When Åsa Norrie was named regional CEO for the Principal® Global Investors European money management business in June 2021, she took stock of the challenges.
When Åsa Norrie was named regional CEO and regional head of distribution, Europe, for Principal Asset ManagementSM in June 2021, she took stock of the challenges. Unlike her counterparts in the United States, Norrie’s team worked across 11 languages with investors in 16 countries, each with its own regulatory framework—think 16 different federal treasury departments, for example.
No matter, thought Norrie. “I always say that, as a CEO, I need to know a little about everything we do, but I have a very experienced and capable team around me with deep subject matter experts who know a great deal about everything we do,” Norrie says. “I empower people to bring their whole selves to work and drive our business forward.”
It’s a business approach that Norrie, a native of Finland, has been honing since childhood. “I don’t shy away from challenges,” she says. “The seemingly impossible might take a little longer, but to me, everything is possible.”
Maybe the first, not the last.
After finishing her secondary education, Norrie worked in fashion and ran her own company, then attended university. In January 1995 she moved to the United Kingdom on an Erasmus Scholarship. Her goals were to improve her language skills by living in an English-speaking country and obtain a master’s degree in economics; she’s lived in the U.K. ever since.
Norrie spent her formative work years moving up the ladder in two industries—fashion and finance—that have historically been challenging for women in leadership. That only added to her determination. “I’ve always been conscious that you need to earn your place around the table,” she says. “The fact that you’re the first female to do it doesn’t mean you should be the last one. Pull someone else up behind you on the ladder so they can grow.”
Focus first on the team.
Finance is, of course, global. But a firm’s headquarters present unique opportunities for development. For example, a company located in France will have a different approach to the European market than one originating in Switzerland.
Prior to joining Principal, Norrie worked at a London-based global firm. “I’ve seen the 360-degree view of how a European business is run by a U.K.-headquartered firm,” Norrie says. “With Principal, I was incredibly curious about putting my experience in Europe to work to shape and drive a growth plan by a U.S.-headquartered firm.”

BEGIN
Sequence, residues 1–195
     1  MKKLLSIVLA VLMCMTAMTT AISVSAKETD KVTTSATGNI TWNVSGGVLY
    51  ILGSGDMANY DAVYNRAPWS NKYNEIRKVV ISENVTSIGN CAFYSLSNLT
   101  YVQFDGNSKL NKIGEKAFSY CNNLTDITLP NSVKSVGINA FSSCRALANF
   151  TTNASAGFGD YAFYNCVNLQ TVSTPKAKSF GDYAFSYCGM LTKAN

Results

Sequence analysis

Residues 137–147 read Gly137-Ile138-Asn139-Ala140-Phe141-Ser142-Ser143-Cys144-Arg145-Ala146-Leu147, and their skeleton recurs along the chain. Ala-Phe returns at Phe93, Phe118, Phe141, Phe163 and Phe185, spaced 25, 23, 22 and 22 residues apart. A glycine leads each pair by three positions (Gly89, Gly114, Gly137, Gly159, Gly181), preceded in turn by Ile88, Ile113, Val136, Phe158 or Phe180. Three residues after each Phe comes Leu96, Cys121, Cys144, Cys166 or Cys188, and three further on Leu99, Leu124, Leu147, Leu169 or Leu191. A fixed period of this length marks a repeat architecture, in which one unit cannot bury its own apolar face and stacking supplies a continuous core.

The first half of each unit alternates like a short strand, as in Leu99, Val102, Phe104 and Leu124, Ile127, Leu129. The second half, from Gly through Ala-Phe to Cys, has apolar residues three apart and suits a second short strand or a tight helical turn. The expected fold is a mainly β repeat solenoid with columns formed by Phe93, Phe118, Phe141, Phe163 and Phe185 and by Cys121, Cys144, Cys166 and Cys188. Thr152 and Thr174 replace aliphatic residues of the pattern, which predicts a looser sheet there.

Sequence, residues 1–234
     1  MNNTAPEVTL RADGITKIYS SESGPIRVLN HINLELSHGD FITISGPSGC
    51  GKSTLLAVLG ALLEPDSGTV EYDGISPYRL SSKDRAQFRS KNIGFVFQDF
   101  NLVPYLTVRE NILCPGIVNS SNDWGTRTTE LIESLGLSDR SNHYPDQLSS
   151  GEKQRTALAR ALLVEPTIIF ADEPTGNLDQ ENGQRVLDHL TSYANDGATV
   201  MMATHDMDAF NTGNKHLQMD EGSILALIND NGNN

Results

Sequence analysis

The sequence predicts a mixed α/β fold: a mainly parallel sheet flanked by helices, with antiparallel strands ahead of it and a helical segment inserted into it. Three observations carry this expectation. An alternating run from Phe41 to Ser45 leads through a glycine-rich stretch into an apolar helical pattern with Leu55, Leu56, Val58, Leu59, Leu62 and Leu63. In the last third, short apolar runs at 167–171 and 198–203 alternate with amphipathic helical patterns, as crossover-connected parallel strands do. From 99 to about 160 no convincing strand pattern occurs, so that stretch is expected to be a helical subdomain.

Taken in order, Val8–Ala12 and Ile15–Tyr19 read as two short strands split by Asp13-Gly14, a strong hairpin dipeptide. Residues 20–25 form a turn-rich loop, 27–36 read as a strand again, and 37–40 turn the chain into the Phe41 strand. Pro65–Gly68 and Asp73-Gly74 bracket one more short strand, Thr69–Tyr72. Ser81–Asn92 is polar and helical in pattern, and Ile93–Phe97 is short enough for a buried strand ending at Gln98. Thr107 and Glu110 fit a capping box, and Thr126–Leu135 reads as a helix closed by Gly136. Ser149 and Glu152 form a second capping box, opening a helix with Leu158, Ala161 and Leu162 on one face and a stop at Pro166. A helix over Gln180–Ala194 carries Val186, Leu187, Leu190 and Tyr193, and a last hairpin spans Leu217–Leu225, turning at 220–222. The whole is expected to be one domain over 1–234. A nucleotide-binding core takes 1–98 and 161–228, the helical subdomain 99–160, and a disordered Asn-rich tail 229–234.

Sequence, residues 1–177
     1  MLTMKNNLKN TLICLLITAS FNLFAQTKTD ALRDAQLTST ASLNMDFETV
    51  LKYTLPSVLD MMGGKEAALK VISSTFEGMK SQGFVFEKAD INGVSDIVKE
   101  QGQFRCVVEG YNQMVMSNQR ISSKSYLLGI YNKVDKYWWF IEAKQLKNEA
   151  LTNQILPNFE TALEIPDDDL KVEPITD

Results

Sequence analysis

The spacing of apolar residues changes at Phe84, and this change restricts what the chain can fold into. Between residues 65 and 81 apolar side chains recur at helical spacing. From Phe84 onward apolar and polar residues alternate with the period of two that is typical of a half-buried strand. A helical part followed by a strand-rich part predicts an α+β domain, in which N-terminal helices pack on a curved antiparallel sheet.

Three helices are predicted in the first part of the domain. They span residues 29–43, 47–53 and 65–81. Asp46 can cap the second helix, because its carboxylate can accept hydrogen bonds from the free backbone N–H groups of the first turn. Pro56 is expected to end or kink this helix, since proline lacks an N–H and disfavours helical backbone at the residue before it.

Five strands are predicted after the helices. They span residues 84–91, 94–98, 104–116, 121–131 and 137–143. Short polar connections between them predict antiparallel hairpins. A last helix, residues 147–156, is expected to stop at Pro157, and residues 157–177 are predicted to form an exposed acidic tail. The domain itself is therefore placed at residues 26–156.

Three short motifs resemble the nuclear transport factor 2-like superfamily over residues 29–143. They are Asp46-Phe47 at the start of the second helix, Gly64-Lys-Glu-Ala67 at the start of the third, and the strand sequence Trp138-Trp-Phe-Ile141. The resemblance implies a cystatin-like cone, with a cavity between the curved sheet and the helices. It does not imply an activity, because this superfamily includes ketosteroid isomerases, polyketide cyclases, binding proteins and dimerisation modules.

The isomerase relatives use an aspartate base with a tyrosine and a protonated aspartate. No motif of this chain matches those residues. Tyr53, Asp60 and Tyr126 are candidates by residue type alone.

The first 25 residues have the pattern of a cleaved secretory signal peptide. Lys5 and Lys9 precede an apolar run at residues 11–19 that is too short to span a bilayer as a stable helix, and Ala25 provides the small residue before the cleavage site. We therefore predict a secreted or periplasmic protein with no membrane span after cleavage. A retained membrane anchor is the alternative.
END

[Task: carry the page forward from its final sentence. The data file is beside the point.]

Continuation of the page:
When she visited Des Moines for her interview, the area—mostly flat, lots of farmland—reminded her of where she grew up in Finland. “Everyone is super nice,” she says. “It felt like coming home.”
One of the keys to Norrie’s CEO role is how to address European market fragmentation while partnering with Des Moines to grow the business. “That’s something I’m really excited about,” she says. “It’s about having a strategy, structure, process, and plan, and being clear with internal stakeholders what success looks like.”
To relieve some of that fragmentation, Norrie created asset class specialists around the 15 investment hubs, each led by a champion and aligned by country or region, not business channel. “Before, you could have had people in the same city engaged in wealth advisory or institutional without any reason to connect,” says Norrie. “Anyone who works within that area now feels they are first and foremost part of a team.”
“It’s our success.”
Finnish independence was a long struggle, beginning in the early 1900s and continuing through World War II. Norrie’s father and his twin brother didn’t see her grandfather—away fighting in the Finnish military—until they were five years old. “My grandmother just raised those boys by herself,” Norrie says. “She had to.”
In the late 1960s when Norrie was born, mothers returning to work was very much not the norm in Scandinavia, but Norrie’s did. “My mother had a successful career and she and my grandmother worked very closely to make sure she could continue on,” she says. “It was a team effort to make sure my sister and I were happy, and she could fulfill her potential.”
Both stories offered foundational lessons for Norrie. “I was very much brought up with, the world is your oyster, you decide where you go and what you want to do and how you want to build your career,” she says.
She models that idea at work, for everyone: You have potential, regardless of who you are, and the more smart, motivated people you bring to the table, the better your work will be. “I’m passionate about diversity of thought and inclusivity to create a dynamic workforce,” Norrie says. “It’s not my plan, it’s not my success, it’s our success. We’re all in it together.”